Byttneriaceae (genera 12–16) An alternative approach is to unite all these families in a ‘Super-Malvaceae’ and to recognise them at the subfamily level instead (Bayer & Kubitzki, Genera and Families of Vascular Plants 5 (2001)). This seems the less desirable solution since it treats Malvaceae as a dustbin family and creates greater taxonomic instability at the family level than the solution above. Helicteraceae (genus 7) Pentapetaceae (genera 8–11) Sterculiaceae (genera 1–6 of this volume) Brownlowiaceae (Christiana and Carpodiptera, earlier published in FTEA Tiliaceae, 2001) Sparrmanniaceae (the rest of the genera in FTEA Tiliaceae, 2001) Bombacaceae (as published in FTEA Bombacaceae, 1989) Malvaceae (in preparation for FTEA) Mainly a tropical family but several species in the subtropics. About 67 genera and 1500 species. The division of Sterculiaceae from Tiliaceae using this division has long been problematic, as illustrated by Hutchinson’s provision of a key to the genera of the combined families (Hutchinson 1967, The Genera of Flowering Plants 2). Recent molecular work (e.g. Baum et al., Harvard Pap. Bot. 3: 315–330 (1998) and Bayer et al., Bot. J. Linn. Soc. 129: 267–303 (1999)) has shown that some groups of traditional Sterculiaceae are undoubtedly more closely related to some parts of traditional Tiliaceae than they are to the rest of the family. While Malvaceae and Bombacaceae can be maintained ± in the traditional sense (although Durio and its SE Asian relatives require removal from the last), there is no doubt that this is not feasible regarding Tiliaceae and Sterculiaceae, which need to be broken up into several units, all of which are morphologically distinct and have previously been recognised as families. Core Malvales can thus be expanded from the traditional four to ten newly circumscribed families. So far as FTEA is concerned these are as follows:
[FWTA]

Sterculiaceae, Hutchinson and Dalziel. Flora of West Tropical Africa 1:2. 1958

Habit
Trees or shrubs, often with soft wood, or very rarely herbs, mostly with stellate hairs
Leaves
Leaves alternate, simple or digitately compound; stipules usually present
Flowers
Flowers variously arranged, hermaphrodite or unisexual, actinomorphic
Calyx
Sepals valvate, mostly partly connate or rarely spathaceous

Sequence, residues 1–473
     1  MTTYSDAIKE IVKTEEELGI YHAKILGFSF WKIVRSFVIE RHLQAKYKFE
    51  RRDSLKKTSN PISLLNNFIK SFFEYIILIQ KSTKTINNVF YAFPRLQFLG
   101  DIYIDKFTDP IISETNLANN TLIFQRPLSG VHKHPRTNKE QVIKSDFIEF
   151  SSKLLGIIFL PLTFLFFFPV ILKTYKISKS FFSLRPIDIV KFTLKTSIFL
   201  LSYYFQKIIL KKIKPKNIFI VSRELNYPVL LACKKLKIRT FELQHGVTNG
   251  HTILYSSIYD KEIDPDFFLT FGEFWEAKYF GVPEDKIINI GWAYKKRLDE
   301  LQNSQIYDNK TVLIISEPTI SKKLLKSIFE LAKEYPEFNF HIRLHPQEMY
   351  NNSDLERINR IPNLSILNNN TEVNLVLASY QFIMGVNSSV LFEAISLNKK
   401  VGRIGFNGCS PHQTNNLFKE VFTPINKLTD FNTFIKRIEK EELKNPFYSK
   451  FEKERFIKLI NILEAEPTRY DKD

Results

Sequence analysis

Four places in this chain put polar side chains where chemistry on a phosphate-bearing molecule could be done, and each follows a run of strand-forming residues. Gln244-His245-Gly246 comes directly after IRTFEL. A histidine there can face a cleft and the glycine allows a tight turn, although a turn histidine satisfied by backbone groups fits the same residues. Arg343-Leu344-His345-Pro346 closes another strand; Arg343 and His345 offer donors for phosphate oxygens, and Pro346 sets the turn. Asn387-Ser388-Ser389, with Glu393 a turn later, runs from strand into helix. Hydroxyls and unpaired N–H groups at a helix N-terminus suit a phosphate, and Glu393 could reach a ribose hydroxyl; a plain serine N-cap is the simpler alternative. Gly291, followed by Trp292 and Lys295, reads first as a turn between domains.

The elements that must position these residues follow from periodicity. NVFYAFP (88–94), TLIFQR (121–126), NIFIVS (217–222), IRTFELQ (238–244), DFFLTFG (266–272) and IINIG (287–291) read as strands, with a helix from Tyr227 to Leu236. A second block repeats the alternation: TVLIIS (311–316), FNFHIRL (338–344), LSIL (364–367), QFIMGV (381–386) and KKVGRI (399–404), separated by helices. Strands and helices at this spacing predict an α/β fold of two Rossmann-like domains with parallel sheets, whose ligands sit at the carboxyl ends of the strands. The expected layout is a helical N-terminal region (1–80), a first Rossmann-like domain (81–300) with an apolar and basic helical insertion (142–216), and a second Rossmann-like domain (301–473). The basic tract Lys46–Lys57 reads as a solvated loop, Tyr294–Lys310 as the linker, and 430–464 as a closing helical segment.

Corolla
Petals 5, or absent, contorted imbricate, often hooded
Androecium
Stamens free or connate into a column, sometimes with staminodes; anthers 2-celled
Gynoecium
Ovary superior, of 2–12 united carpels or of one carpel; ovules on axile placentas; style simple or rarely the styles free to the base
Fruits
Fruit various
Seeds
Seeds with or without endosperm and straight or curved embryo
[FZ]

Sterculiaceae, H. Wild. Flora Zambesiaca 1:2. 1961

Habit
Herbs, shrubs or trees, almost invariably with stellate hairs, sometimes with simple hairs intermingled
Leaves
Leaves usually alternate, simple and pinnately or palmately nerved, entire to toothed or lobed, or digitately compound; stipules usually present
Flowers
Flowers actinomorphic, bisexual, unisexual or polygamous
Calyx
Calyx often persistent, more or less deeply divided into 5 or rarely 3 or 4 or 6 valvate lobes, rarely splitting irregularly into 2 valves, or sepals quite free
Corolla
Petals usually 5, hypogynous, free or adhering to the staminal column, contorted in bud, or small and scale-like or absent
Androecium
Stamens 5–?, with filaments united into a tube or free or confluent at the apex of an androphore, sometimes with staminodes alternating with the stamens or with fascicles of stamens or with an inner ring of staminodes; anthers 2-thecous and opening outward by slits or occasionally by apical pores
Gynoecium
Ovary superior, sessile or stipitate, 2–5-locular or with 2–5 ± coherent carpels which separate in fruit, rarely 10–12-locular or reduced to a single carpel; styles simple or equalling the number of loculi
Fruits
Fruit various but often a dehiscent capsule or of woody or membranous follicles or of indehiscent fruiting carpels, occasionally winged
Seeds
Seeds 1-co, sometimes winged; endosperm present or absent; cotyledons flat or folded, thin or fleshy
[FTEA]
Use
Many species are cultivated as ornamentals or for fibres and as vegetables.

Images

Malvaceae Juss. appears in other Kew resources:

First published in Gen. Pl. [Jussieu] 271. 1789 [4 Aug 1789] (1789)

Accepted by

  • APG IV (2016) http://dx.doi.org/10.1111/boj.12385

Sources

Flora Zambesiaca
Flora Zambesiaca
[A] http://creativecommons.org/licenses/by-nc-sa/3.0

Flora of Tropical East Africa
Flora of Tropical East Africa
[B] http://creativecommons.org/licenses/by-nc-sa/3.0

Flora of West Tropical Africa
Flora of West Tropical Africa
[C] http://creativecommons.org/licenses/by-nc-sa/3.0

Kew Names and Taxonomic Backbone
The International Plant Names Index and World Checklist of Selected Plant Families 2018. Published on the Internet at http://www.ipni.org and http://apps.kew.org/wcsp/
[D] © Copyright 2017 International Plant Names Index and World Checklist of Selected Plant Families. http://creativecommons.org/licenses/by/3.0

Neotropikey
Milliken, W., Klitgard, B. and Baracat, A. (2009 onwards), Neotropikey - Interactive key and information resources for flowering plants of the Neotropics.
[E] http://creativecommons.org/licenses/by/3.0